How to de-duplicate records using a SQL query

All about how to de-dupe records using SQL.

How to de-duplicate records using a SQL query
Recently was asked the question - what are the options/practices for using SQL to deduplicate records?

This is one of those discussions that will be of interest to those that find questions like this interesting, so if you like to put records into tables and you find that SQL is part of your workflow for doing that then read on.

If de-duping with SQL is not part of your day-to-day, then don't despair because the discussion is designed to be easy an ease read for both beginner and expert alike.

This discussion is split into three parts:

  1. Simple example of using SQL to transform a current to future state.
  2. Advanced real world how to SQL de-duplication in practice use cases.
  3. Suggestions, questions and comments.

If you prefer to watch visit the YouTube, otherwise read on.


Simple example of using SQL to transform a current to future state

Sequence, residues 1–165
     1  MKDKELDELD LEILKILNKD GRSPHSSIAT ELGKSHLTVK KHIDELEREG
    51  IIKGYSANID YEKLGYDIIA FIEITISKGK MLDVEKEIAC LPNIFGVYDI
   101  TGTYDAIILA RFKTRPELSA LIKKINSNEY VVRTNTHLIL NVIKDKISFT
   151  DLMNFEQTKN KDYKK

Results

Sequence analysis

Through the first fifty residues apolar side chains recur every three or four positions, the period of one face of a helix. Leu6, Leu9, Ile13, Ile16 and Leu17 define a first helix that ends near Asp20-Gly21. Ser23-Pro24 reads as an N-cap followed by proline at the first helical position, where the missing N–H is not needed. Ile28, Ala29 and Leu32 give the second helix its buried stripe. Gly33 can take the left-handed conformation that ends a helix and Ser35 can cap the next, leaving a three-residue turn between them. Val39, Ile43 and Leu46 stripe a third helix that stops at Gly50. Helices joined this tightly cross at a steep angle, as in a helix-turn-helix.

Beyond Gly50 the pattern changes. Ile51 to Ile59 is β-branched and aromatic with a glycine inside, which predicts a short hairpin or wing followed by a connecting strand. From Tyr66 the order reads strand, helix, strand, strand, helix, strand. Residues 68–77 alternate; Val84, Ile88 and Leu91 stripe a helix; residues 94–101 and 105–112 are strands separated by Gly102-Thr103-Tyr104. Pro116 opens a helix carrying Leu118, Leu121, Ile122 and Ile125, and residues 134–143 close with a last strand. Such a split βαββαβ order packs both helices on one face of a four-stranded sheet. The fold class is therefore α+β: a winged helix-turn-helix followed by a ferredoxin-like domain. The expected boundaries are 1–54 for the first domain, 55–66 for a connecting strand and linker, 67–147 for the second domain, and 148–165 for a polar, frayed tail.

For the purpose of demonstration an example will be used to explore records in a table with similar colours. In practice, duplicates may contain account, name, email, phone and address details which we will explore in advanced SQL use cases.


The current (or initial) state is a table with many duplicate records each containing a colour

Pictured we see a table containing many records, with each record containing similar records.

Our current or initial state is a table with many records containing many duplication records.

To help us visualise this consider a table with many records where the many duplicate records each contains a colour.

In the pictured example there are sixteen records representative of eight colours consisting:

  1. Brown records occurring once.
  2. Grey records occurring once.
  3. Blue records occurring twice.
  4. Green records occurring four times.
  5. Purple records occurring twice
  6. Red records occurring trice.
  7. Orange records occurring twice.
  8. Yellow records occurring once.